Post 14: A Blizzard, a Pipe & a Friend

A Blizzard, a Pipe & a Friend

Sorry, folks! I’ve been away for several weeks and neglected my blog and website. Truthfully? I was being lazy.

Anyway, winter, old age, insomnia, or whatever it was, got me thinking about the great snowstorms I’ve experienced. In particular, the January, 1967 one. I was a freshman at Northwood Institute, (now Northwood University) in Midland, Michigan and the news editor of our college paper. A paper so important and critical to the 1,000-member student body that it was published every 3 weeks. Obviously, we covered breaking news.

Other than to get away from home, my goal in going to college was to get an associates degree in journalism and become a famous photo-journalist who traveled the world covering real breaking news and events. I think my fellow student-journalist, Robert/Bob, the sports editor and features writer, had a similar goal, but without the photo aspect. Robert/Bob was short, a little pudgy, with sandy-brown hair that refused to lay smooth, and his round face gave him the appearance of a cartoon character I can no longer name.

I say Robert/Bob because he was going through an identity crisis. His adoptive parents and hometown friends called him Bob, but at college he used Robert as his byline for the sports and features he wrote. It sounded more mature. Sometimes, if called Bob, he would intone, “Please call me Robert,” as he blew cigarette smoke in your face. He was a heavy smoker, a real chimney. Journalists in the ‘60’s were smokers and Robert/Bob had the look down. The slight sneer. And his glare through the smoke curling out of his nostrils as the cigarette dangled from his lips was usually accompanied by a sarcastic, “Yeah. Really?” Conversing with him involved lots of sarcasm and breathing in second hand smoke, close up.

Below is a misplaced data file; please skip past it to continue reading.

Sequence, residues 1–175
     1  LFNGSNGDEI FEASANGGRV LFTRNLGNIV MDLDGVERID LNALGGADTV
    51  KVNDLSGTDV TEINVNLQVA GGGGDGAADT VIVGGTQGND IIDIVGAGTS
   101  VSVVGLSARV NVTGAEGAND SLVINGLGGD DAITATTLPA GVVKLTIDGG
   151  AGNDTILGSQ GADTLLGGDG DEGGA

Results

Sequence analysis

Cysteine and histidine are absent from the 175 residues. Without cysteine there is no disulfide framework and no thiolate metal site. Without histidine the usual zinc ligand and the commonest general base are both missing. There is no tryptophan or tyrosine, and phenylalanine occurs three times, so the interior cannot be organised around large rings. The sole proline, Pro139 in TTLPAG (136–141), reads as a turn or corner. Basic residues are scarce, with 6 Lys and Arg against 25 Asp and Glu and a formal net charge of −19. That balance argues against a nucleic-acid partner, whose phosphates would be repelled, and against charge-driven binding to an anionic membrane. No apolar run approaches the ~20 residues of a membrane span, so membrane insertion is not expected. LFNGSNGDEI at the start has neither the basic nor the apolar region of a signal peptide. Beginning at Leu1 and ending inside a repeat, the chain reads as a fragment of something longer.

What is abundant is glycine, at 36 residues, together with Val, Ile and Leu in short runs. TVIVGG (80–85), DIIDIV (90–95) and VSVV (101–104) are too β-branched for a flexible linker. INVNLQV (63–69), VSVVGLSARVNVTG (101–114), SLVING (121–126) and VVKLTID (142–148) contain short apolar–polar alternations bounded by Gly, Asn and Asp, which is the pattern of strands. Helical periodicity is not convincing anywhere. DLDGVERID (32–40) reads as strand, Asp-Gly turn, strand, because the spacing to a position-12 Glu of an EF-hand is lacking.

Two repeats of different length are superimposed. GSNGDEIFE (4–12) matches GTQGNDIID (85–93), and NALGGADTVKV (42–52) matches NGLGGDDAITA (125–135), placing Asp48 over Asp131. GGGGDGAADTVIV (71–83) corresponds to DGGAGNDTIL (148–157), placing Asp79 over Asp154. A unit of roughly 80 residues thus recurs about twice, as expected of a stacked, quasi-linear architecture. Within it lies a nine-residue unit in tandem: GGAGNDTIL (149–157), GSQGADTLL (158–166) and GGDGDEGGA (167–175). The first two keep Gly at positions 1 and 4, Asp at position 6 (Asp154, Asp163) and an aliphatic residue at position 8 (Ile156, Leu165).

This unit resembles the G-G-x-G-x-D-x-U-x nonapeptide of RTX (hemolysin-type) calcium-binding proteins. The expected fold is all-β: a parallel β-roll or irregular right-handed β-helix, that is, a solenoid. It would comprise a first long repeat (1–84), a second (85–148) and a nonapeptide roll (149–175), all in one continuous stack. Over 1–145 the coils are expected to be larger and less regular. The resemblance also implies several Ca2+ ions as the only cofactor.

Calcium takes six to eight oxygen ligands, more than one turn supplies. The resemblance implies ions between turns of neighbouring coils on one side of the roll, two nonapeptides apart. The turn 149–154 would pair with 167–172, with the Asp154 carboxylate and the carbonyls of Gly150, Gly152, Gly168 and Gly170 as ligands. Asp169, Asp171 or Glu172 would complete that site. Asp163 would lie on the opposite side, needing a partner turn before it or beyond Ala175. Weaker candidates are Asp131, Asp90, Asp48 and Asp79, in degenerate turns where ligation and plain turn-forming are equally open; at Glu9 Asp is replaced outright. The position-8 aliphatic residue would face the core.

As for me? Well, I was afraid to inhale, which I later realized held me back from other fun experiences involving inhalation. So, I puffed on a pipe and tried to look intellectual in my black rimmed glasses. I used the name Will as my byline, or tried to, but discovered it was hard to smoke a pipe, type stories, interview people, take pictures and remember to write my name or ask people to call me Will. College freshman have/had such identity issues!

The snow. Oh, yes, that’s where I was going.

There was a state-wide college newspaper conference at Michigan State University and Robert/Bob and I were assigned to represent our Northwood Times and learn from the big guys. It was snowing when we left. So what? It’s usually snowing in Michigan in January (even though we were coming off a huge thaw). We took off in Robert/Bob’s 1959 Chevy sedan, the seat pulled close to accommodate his short legs which meant my knees were under my chin. The roads got worse the further we drove. What was ordinarily a 1 & 1/2-hour drive turned into 3, plus another hour to find a parking spot on the MSU campus which, with 40,000 students, was a large city to us small town boys. During that last hour, I remember pushing the car as much as I rode in it. That, and helping shove other cars out of the way. Pushing, shoveling, swearing, laughing, everybody in the same boat, or actually, in the big snow—24 inches fell in 2 days.

I remember little, in fact nothing, about the conference, not even where we slept. Many of my high school friends went to MSU, so I’m sure I saw some of them. If there were parties, I don’t recall any—I didn’t drink at the time so might have been bored anyway. I do recall the storm was severe enough that we couldn’t leave as planned and stayed over another night before getting the car dug out.